Most Influential Race: 1992 Hooters 500

How many storylines can you pack into a single race? In one race an era ended, a new era began, and six drivers fought for a championship. Let's get to it!

Most Influential Race: 1992 Hooters 500

The King's Last Ride-

Richard Petty is the most successful driver in NASCAR history, with 200 wins, but by 1992 age had took its toll and his talents were dwindling. His last win came 8 years prior in the 1984 Firecracker 400 at Daytona (in front of President Ronald Reagan) and he was struggling to qualify on a weekly basis. By the final race of the year, he had used all of his provisional starting spots and had to make the race on time alone. On Thursday's first round of qualifying, Petty was 36th quickest and was not locked into the race. He stood on his time for Friday's second round qualifying and narrowly made the field, starting 39th of 41 drivers. Because this was no normal weekend, there was an incident involving his crew chief, Dale Inman. The night before the race, Inman was robbed at gunpoint in the parking lot of his hotel. The gunman grabbed for Inman's necklace and pulled the trigger, but the pistol did not fire and Inman was uninjured.

In the race, Petty was caught up in a an accident on lap 95 of 328, hitting the rear of Rich Bickle's car, trying to avoid an accident ahead. Petty's car caught fire came to a rest in the infield, badly damaged. The crew worked diligently for the rest of the race, and with only 2 laps to go, the car emerged from the garage. It was missing all of the sheet metal from the front end, but could finish the race. Petty's last race ended with a 35th place finish and after the race completed one last lap as a salute to the fans. In a post race interview, Petty talked about the wreck and fire saying, "I wanted to go out in a blaze of glory; I just forgot about the glory part."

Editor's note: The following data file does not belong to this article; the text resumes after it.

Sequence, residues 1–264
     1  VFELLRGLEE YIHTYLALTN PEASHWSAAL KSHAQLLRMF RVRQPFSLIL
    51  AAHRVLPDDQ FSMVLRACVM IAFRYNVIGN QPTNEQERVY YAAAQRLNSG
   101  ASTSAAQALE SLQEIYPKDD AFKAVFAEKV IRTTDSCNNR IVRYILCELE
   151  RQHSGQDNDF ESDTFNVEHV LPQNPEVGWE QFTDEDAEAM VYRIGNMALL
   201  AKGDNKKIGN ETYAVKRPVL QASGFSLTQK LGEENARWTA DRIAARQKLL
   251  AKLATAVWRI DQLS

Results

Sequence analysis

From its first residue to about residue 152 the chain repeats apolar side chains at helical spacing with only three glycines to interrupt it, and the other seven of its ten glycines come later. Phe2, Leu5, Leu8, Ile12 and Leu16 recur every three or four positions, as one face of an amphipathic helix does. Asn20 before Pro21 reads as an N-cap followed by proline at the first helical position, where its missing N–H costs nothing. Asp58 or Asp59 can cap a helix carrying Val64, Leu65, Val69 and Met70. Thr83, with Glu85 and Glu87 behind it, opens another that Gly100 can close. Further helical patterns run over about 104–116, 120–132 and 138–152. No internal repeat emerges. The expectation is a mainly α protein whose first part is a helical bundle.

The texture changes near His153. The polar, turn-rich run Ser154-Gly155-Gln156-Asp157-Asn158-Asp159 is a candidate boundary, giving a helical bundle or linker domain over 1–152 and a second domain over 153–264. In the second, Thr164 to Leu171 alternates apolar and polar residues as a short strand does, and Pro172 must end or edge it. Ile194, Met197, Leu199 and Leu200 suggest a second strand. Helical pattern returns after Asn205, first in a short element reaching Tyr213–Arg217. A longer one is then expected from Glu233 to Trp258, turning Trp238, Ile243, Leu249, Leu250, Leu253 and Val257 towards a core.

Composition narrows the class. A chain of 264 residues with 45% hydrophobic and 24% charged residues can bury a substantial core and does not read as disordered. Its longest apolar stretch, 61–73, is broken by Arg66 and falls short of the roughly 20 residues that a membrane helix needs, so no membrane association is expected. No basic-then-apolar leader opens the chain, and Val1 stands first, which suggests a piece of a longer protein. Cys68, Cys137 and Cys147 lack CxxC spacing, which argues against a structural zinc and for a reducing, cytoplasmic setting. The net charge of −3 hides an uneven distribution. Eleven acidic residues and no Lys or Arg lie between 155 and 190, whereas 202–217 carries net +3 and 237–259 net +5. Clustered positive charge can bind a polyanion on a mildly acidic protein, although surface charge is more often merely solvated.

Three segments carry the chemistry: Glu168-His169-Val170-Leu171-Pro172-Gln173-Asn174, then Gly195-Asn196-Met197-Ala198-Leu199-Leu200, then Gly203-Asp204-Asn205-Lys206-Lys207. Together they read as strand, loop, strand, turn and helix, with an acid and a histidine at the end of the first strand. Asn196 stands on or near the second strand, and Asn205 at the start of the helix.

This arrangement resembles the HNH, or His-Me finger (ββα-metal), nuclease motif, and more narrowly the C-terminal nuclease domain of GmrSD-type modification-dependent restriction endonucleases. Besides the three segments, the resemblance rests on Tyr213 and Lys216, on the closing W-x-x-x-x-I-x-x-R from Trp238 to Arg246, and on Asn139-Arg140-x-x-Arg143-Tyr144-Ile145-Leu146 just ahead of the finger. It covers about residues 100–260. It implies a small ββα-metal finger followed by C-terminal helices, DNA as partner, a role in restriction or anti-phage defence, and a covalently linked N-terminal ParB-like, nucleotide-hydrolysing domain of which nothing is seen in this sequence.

Most Influential Race: 1992 Hooters 500

Some Jeff Gordon Guy's First Race-

As things go, people try to keep a bit of a low profile when doing something for the first time, and Jeff Gordon was no different in his first start. Prior to this race, Gordon drove for Busch Series (now Nationwide) owner Bill Davis in the #1 Baby Ruth car. In the 1992 season, Gordon won 11 pole positions, 3 races, and finished 4th in points. After his pole and win of the spring race at Atlanta, Gordon accepted a contract from Rick Hendrick. Gordon's race weekend went pretty quietly, qualifying 21st and finishing 31st after hitting the wall and retiring.

The Championship Contenders-

The 1992 season had six drivers eligible to win the championship at the final race of the season, the most of any pre-chase championship. Now lets get the the contenders

Most Influential Race: 1992 Hooters 500

Davey Allison-

The points leader headed into the final race was Davey Allison, a miracle considering the circumstances of the season. Davey started the year winning the Daytona 500, and reeling off top 5 finishes in the next 4 races. He later won North Wilkesboro and Talladega. The first major hurdle came during The Winston, a non points event at Chralotte. On the last lap, battling for the win Davey was spun by Kyle Petty across the finish line, crossing first, and hit the wall hard. With his car crashed in the infield, he claimed to have an out of body experience, seeing the car below and a bright light above. When Allison woke up at the hospital, his first words were "Did we win?" and Larry McReynolds replied "Yes Davey, we did." Allison went on to race in the Coke 600 the next weekend, finishing 5th despite his injuries.

The next few races went fairly quietly, picking up another victory at Michigan, before another incident, this time at Pocono. Allison led 115 of the race's first 149 laps before a lengthy pit stop dropped him to mid pack. Charging through the field, his car made contact with Darrell Waltrip's and flipped violently, before landing on an interior guard rail. Allison suffered a severe concussion, and a broken collarbone, wrist, and arm. The next couple weeks, Allison was able to start the race and have relief drivers take over and finish for him.

He was primed to compete again for a full race when tragedy struck at Michigan. In practice for the Busch Series race, Davey's brother Clifford crashed hard in turn 3 and 4, sustaining fatal injuries. Distraught, Allison drove to a 5th place finish in the race.